toaddr = 'receiver_account@gmail.com'
msg = MIMEMultipart()
msg['From'] = fromaddr
msg['To'] = toaddr

server.login(fromaddr, 'sender_account_password')

Now we’ll simply loop through the data and send ourselves an email if the contact has not been sent before. Also, we’ll update the contact and mark it as sent so we don’t keep sending the same contact information over and over. One thing that is very important – you want to UPDATE your Firebase data and not set it. If you set the data it will wipe out all the data you have with the current data, so that would leave you with only the current contact.

for cl in contact_list:
 contact_name = str(contact_list[cl]['name'])
 contact_phone = str(contact_list[cl]['phone'])
 contact_email = str(contact_list[cl]['email'])
 contact_message = str(contact_list[cl]['message'])
 contact_type = str(contact_list[cl]['type'])
 contact_pref = str(contact_list[cl]['contact'])
 contact_view = str(contact_list[cl]['viewed'])
 except Exception, e:
 contact_view = 'Y'
 if contact_view == 'N':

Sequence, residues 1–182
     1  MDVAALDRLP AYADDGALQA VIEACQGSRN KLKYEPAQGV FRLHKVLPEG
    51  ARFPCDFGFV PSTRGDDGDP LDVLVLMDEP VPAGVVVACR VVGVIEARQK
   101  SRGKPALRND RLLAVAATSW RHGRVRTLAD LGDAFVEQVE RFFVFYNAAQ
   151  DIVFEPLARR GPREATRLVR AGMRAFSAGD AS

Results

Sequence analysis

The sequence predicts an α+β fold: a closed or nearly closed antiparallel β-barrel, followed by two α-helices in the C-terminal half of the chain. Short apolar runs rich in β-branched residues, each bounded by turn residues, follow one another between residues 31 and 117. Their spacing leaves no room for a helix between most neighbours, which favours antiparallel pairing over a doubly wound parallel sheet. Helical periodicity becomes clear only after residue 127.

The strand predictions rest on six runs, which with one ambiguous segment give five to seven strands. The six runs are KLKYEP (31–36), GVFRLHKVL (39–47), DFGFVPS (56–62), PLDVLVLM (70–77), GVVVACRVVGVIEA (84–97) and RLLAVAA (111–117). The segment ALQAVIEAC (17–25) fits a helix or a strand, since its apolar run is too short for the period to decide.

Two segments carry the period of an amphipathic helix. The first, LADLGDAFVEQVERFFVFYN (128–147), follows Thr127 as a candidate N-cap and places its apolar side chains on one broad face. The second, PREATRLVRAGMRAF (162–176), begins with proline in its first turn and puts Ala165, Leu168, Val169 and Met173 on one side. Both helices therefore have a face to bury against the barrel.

body = 'You have a new contact:<b> ' + contact_name + '</b> who would like to be contacted via ' + contact_pref + ' email address is: ' + contact_email + ' and phone is: ' + contact_phone + '. <br><br>The contact type is '+ contact_type + ' and the message is <br>' + contact_message
 msg['Subject'] = 'New Contact: '+contact_name
 msg.attach(MIMEText(body, 'HTML'))
 text = msg.as_string()
 server.sendmail(fromaddr, toaddr, text)

With that the email has been sent and the contact has been updated as viewed. One bit of house keeping and the script is done.


So the script is complete and you can test it via command line or IDE, depending on your setup. Assuming all your login information was correct and you didn’t encounter any errors (or resolved any that cropped up), now it’s time to focus on script execution. The script works great but the purpose of it is to notify you when someone registers on your site. You have a couple of options for this – 1. Spin up a Google App Engine instance and have it run as a cron job, 2. Have it run as a cron job on your own server, 3. Others? (feel free to leave comments.) I choose to run this on my own server and I have the perfect server for this job – a Raspberry Pi Model A. It’s perfect for this job because it is low energy, maintained by me and I have complete control over it.

I already have said Raspberry Pi set up running Rasbian (it’s tucked away in a spare bedroom) so I will just do a secure copy to push the file to the Raspberry Pi –

scp contact_script.py pi@ip_address_raspberry_pi:/home/pi

You’ll need to enter your password to giver permission to copy the file onto the raspberry pi.  Now we’ll ssh into the Raspberry Pi –